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New Evidence Suggests Teenager's Conviction in Triple Homicide Arson Case Is Based on Junk Science

New evidence supports Greg Brown’s claim that he did not commit arson or murder.

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Without giving specific names, Abdullah said that as Brown’s trial date approached, he told ATF agents that “he didn’t want to be part” of the trial – and that he even attempted to escape lockup while the state held him for trial – but that he was given no choice. He claimed that, among other pressures imposed on him to testify, ATF agents placed him alone in a room with the Bricelyn Street fire’s victims families for as long as an hour, while the families urged him to testify.

“I didn’t want to testify,” he said. “My back was against the wall.”

Valentine’s Day Fire in the Alley

It was 15 degrees outside and around midnight on Feb. 14, 1995, when Darlene Buckner said she cajoled her son, Greg Brown Jr., into riding along to get ingredients for a dish she was to prepare for a family wake the next day. Neither of them dallied at the Giant Eagle grocery store at Waterworks Mall as they searched the aisles for macaroni, tuna, dressing, relish, green peppers and onions. Buckner would later produce a receipt for $35.91 in purchases time-stamped 12:37 a.m.

In line to pay for her groceries, Buckner made small talk with the cashier about Valentine’s Day plans while Brown walked alone to the front of the store to flip through magazines. After money and receipts changed hands and the groceries were bagged, the pair exited the store together and began the 10-minute drive home.

As they approached the hillside Bricelyn Street, they noticed smoke billowing into the frigid night sky. By the time they reached a nearby alley, Exley Way, it was clear the smoke and growing number of emergency vehicles were responding to a fire at their house – 8361 Bricelyn Street – where they assumed the rest of their family was asleep.

Buckner would later tell investigators her son jumped out of the still-moving car near Exley Way and ran up the embankment of their yard to find a fireman who told him everyone was out of the house. Meanwhile, a cop on traffic detail witnessed Buckner, two months pregnant at the time, alone in her car when she parked near his patrol car and ran toward her home. The cop did not see Brown, and later testified that he saw an infant’s car seat in the front passenger seat. Prosecutors would later claim that since neither the Giant Eagle checkout clerk nor the cop remembered seeing Brown – and because a child’s car seat was seen in Buckner’s front seat – Buckner’s son was not with her. A Giant Eagle security video was erased before lawmen and defense lawyers tried to obtain it.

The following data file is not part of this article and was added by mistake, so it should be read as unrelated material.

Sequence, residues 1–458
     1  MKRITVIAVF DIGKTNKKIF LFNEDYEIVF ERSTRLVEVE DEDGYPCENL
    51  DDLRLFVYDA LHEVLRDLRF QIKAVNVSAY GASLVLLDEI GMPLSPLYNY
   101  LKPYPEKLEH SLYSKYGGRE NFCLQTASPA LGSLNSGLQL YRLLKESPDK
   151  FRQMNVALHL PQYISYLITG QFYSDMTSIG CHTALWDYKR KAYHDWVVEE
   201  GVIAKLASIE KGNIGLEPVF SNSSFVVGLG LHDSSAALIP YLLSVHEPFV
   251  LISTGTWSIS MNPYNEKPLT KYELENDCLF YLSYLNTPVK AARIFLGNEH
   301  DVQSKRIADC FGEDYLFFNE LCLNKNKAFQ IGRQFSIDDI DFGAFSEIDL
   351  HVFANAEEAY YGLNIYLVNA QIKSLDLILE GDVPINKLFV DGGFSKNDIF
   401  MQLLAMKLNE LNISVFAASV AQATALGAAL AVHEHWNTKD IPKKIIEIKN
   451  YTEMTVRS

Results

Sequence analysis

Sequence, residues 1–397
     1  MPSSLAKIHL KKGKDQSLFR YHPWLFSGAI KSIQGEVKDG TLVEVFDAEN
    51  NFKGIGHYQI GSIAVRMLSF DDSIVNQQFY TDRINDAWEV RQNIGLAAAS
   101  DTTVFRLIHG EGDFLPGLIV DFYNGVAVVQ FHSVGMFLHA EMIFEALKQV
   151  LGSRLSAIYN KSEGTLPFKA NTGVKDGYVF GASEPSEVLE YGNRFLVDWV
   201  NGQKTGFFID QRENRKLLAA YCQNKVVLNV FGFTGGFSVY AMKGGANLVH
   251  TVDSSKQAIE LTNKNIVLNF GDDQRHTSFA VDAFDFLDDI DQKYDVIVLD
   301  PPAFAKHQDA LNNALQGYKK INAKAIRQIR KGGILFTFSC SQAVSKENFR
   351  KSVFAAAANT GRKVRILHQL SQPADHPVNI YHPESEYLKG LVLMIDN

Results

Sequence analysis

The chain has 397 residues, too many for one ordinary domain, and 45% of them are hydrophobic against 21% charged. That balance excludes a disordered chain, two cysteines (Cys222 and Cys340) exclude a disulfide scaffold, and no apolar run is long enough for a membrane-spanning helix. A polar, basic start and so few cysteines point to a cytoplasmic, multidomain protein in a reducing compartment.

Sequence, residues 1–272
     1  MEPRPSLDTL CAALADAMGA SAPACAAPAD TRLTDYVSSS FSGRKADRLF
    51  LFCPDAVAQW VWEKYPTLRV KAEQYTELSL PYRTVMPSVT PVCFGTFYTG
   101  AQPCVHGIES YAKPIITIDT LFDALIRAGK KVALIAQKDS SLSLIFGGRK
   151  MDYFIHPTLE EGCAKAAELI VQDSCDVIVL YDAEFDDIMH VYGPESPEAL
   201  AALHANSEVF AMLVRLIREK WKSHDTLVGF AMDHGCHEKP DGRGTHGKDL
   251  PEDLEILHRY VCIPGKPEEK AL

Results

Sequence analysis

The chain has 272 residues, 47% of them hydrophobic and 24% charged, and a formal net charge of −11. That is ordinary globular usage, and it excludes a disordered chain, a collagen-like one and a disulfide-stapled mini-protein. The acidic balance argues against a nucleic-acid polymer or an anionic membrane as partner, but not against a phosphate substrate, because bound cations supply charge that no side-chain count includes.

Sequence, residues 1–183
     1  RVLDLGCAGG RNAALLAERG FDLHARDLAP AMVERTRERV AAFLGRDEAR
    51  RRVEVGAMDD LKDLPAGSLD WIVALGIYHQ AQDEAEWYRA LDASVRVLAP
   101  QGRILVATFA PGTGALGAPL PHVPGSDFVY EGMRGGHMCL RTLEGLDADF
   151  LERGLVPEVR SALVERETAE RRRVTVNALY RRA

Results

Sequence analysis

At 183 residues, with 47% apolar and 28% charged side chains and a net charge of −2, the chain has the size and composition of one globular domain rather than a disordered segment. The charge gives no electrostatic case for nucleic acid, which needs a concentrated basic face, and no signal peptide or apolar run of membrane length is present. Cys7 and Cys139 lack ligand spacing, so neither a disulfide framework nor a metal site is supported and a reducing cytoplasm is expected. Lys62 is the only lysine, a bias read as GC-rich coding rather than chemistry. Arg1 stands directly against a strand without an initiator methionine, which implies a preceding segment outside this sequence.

Buckner eventually found Brown, her husband, Ron, their infant son, Fred, and Ron’s adult daughter, Catherine, who was with her young daughter. All of them fled the house in their pajamas, leaving them with only blankets supplied by neighbors and firefighters to keep them warm.

As the family watched the fire suppression efforts, they heard whispers from neighbors later confirmed by news reports that Captain Brooks and firefighters Kolenda and Conroy had died in their family room. Coroner and independent reports said their deaths resulted from carbon monoxide poisoning and a lack of oxygen. (Read “The Deadliest Fire Fight in City of Pittsburgh History,” below.)

During one of several interviews over the past year, Darlene Buckner said the magnitude of that tragedy wasn’t lost on her or her family. But she was forced at the time to focus on her own family’s plight. She wondered how long it would take to rebuild after losing nearly everything. At least, she thought, her family recently purchased a renter’s insurance policy after a relative’s house burned down. That policy would cover less than half the cost of their losses, she said, but it was a small comfort. She hoped their family church and fellow parishioners would also offer support.

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